Nuclear/LH2 propellant rocket stage. Loaded/empty mass 17,783/4,969 kg. Thrust 71.70 kN. Vacuum specific impulse 860 seconds. Nuclear stage designed to fit into the space shuttle payload bay. Additional propellant modules could be added in orbit. Such propellant modules would have a mass of 23,181 kg, including 21,265 kg of usable propellant. Given goahead in 1972, it would have been flight tested by 1982.
Propellant Formulation: Nuclear/Slush Hydrogen.
Status: Development 1972.
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Gross mass: 17,783 kg (39,204 lb).
Unfuelled mass: 4,969 kg (10,954 lb).
Height: 18.29 m (60.00 ft).
Diameter: 4.50 m (14.70 ft).
Span: 4.50 m (14.70 ft).
Thrust: 71.70 kN (16,119 lbf).
Specific impulse: 860 s.
Burn time: 1,500 s.
Nerva Alpha DoE nuclear/lh2 rocket engine. 71.7 kN. Study 1972. The final Nerva Alpha flight engine reference configuration as documented at the end of its development. Isp=860s. More...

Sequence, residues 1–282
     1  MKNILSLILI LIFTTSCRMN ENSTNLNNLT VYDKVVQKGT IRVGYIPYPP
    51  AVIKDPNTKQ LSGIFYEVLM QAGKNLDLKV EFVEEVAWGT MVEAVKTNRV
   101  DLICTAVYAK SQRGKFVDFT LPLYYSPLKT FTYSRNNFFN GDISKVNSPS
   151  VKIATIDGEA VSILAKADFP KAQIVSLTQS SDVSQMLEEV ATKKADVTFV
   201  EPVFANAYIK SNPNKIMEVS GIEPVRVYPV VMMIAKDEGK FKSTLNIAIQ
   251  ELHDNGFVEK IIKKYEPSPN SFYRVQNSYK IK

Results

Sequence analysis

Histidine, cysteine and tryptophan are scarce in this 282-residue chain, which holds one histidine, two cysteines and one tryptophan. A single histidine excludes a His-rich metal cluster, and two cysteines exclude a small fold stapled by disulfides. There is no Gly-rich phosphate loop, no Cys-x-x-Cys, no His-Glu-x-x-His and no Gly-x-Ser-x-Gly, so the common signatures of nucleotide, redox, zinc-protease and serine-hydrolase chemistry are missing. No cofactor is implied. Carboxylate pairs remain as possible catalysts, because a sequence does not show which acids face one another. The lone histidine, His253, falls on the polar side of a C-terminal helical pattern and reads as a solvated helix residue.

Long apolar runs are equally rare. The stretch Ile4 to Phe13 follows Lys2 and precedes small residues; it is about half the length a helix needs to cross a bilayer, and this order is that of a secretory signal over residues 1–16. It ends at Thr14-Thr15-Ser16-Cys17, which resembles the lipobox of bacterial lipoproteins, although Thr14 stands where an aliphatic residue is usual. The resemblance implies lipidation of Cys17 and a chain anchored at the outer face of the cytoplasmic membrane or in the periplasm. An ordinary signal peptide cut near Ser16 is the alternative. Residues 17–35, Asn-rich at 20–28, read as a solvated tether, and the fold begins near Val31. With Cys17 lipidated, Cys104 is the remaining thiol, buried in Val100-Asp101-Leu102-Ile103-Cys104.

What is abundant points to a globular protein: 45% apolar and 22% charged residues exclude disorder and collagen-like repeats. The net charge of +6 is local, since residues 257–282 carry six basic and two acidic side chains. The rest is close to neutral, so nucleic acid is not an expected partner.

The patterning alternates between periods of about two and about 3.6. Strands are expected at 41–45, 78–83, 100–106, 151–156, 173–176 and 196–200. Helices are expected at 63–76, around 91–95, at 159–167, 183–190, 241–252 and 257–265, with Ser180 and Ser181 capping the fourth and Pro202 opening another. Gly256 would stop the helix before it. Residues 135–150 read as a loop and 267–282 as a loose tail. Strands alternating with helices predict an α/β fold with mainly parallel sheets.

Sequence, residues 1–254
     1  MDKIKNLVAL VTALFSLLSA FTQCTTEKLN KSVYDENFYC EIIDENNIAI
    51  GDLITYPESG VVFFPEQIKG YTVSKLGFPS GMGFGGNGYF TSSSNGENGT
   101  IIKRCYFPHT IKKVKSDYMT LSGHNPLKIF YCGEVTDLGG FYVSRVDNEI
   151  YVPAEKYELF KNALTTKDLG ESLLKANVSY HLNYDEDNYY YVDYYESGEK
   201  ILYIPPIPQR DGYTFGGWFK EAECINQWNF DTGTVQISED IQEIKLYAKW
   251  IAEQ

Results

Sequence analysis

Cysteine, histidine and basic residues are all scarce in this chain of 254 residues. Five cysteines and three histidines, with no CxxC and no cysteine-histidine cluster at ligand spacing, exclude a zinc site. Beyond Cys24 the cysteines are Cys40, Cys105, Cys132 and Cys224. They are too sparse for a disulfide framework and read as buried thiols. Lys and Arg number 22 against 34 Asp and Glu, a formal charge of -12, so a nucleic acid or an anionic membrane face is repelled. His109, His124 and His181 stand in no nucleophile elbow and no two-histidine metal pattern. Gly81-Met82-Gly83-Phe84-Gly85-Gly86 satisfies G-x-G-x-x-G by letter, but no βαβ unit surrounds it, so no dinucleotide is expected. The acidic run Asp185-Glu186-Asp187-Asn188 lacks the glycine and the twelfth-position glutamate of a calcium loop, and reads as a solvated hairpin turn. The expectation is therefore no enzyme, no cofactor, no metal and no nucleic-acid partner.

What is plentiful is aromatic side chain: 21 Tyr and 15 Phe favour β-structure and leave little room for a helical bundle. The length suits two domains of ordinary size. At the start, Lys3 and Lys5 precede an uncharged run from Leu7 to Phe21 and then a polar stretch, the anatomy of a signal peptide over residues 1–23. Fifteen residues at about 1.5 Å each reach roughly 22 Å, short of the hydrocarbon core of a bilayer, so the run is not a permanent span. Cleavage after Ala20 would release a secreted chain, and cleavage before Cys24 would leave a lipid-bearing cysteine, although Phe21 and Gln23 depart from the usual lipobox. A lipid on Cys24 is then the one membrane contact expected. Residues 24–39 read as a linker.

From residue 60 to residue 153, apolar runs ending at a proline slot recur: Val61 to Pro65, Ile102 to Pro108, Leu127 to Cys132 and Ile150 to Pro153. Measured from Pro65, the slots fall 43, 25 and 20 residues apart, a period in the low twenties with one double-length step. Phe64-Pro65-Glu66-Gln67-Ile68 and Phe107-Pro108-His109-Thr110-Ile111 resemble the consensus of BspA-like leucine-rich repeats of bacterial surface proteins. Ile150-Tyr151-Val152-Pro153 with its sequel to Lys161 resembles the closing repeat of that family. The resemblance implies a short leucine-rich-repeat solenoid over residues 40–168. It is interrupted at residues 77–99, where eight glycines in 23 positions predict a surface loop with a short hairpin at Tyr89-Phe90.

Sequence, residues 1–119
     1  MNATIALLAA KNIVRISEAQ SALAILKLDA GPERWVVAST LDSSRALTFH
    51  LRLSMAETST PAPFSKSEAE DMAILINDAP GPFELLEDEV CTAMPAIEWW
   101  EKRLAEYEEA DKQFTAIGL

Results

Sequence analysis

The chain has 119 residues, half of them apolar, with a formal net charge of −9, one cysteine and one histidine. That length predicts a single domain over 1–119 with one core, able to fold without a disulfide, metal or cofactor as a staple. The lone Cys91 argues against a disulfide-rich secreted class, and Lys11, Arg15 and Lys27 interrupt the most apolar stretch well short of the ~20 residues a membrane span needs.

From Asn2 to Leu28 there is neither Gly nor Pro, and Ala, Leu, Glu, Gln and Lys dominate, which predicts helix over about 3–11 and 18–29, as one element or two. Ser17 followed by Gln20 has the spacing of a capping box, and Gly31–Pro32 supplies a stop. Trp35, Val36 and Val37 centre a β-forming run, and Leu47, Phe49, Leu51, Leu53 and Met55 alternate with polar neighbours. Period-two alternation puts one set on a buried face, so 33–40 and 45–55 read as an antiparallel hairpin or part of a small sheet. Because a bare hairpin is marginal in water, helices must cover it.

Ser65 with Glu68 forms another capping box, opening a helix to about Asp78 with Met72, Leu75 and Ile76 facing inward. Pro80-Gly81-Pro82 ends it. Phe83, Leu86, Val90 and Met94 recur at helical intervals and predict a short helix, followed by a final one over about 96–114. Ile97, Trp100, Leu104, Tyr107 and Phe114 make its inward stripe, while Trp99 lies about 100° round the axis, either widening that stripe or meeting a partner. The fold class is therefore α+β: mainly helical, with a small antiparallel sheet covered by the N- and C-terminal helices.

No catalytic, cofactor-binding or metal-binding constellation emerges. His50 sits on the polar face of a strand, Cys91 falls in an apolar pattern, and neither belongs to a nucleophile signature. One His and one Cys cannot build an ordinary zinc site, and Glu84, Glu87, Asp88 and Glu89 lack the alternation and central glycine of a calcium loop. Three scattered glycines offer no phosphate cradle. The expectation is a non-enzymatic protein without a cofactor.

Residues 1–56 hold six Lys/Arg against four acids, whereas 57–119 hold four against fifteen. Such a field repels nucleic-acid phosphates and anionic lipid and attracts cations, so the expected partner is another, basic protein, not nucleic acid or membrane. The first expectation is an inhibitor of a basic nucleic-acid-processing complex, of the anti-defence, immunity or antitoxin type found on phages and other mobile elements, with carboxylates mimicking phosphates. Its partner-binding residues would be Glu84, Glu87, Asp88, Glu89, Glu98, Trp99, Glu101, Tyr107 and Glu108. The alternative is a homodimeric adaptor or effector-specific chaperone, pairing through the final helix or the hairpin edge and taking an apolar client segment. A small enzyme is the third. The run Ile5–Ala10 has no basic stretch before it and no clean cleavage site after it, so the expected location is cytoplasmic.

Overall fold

Nuclear/LH2 Nuclear thermal engines use the heat of a nuclear reactor to heat a propellant. Although early Russian designs used ammonia or alcohol as propellant, the ideal working fluid for space applications is the liquid form of the lightest element, hydrogen. Nuclear engines would have twice the performance of conventional chemical rocket engines. Although successfully ground-tested in both Russia and America, they have never been flown due primarily to environmental and safety concerns. Liquid hydrogen was identified by all the leading rocket visionaries as the theoretically ideal rocket fuel. It had big drawbacks, however - it was highly cryogenic, and it had a very low density, making for large tanks. The United States mastered hydrogen technology for the highly classified Lockheed CL-400 Suntan reconnaissance aircraft in the mid-1950's. The technology was transferred to the Centaur rocket stage program, and by the mid-1960's the United States was flying the Centaur and Saturn upper stages using the fuel. It was adopted for the core of the space shuttle, and Centaur stages still fly today. More...
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